Both chambers of Congress voted Thursday to pass a bill Thursday that punts a partial government shutdown, set to go into effect this weekend, back to early March.
The Senate voted 77-18 in favor of the stopgap Thursday afternoon, and was shortly followed by 314-108 vote in the House.
President Joe Biden had previously signaled that he would quickly sign an extension hashed out by Senate Majority Leader Sen. Chuck Schumer (D-NY) and House Speaker Mike Johnson (R-LA) last weekend before the 12:00 a.m., Saturday morning deadline.
The legislation is intended to give lawmakers more time to consider a collection of separate spending bills that would fund the government through the remainder of its fiscal year (Oct. 1). Disagreements between the major parties on key issues like the Ukraine war and border control, as well as inter-party fighting among Republicans, make this the third such spending extension of the current fiscal year.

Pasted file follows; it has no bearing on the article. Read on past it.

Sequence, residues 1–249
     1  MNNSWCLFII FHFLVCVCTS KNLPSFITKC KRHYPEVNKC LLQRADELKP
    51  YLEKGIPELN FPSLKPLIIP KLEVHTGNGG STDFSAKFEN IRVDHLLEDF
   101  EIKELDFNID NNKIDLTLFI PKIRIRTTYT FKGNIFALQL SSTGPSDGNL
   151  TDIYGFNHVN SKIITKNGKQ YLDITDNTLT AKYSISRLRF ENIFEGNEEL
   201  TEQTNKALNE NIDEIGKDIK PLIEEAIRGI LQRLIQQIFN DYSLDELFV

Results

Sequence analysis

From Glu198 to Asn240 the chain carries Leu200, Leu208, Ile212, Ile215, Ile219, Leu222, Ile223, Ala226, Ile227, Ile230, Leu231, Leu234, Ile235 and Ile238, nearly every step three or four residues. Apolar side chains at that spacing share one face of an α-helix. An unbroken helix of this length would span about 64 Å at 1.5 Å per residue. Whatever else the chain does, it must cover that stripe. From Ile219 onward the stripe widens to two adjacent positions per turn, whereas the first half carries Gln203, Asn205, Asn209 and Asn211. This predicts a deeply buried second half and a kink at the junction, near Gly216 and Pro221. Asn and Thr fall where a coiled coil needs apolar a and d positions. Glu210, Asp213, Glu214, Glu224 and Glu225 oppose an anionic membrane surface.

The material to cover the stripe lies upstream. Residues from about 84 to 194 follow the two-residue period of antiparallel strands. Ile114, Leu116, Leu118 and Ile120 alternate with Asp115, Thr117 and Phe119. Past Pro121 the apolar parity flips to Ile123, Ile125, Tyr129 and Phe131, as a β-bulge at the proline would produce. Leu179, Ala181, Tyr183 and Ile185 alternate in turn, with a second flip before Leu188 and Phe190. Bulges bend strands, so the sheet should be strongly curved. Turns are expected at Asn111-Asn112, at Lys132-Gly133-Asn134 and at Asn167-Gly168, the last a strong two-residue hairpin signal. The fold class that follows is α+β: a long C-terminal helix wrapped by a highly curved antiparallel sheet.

From a healthcare perspective, the bill again pushes back a scheduled $8 billion-per-year cut to Medicaid disproportionate share hospital program payments. It also temporarily renews funding for community health centers, the National Health Service Corps and teaching health centers operating Graduate Medical Education programs. Each of the above will now be funded up to March 8.
More controversial healthcare items in lobbyists’ crosshairs, such as implementation site-neutral Medicare payments or a physician Medicare payment rate cut that went into effect Jan. 1, are not addressed in the stopgap.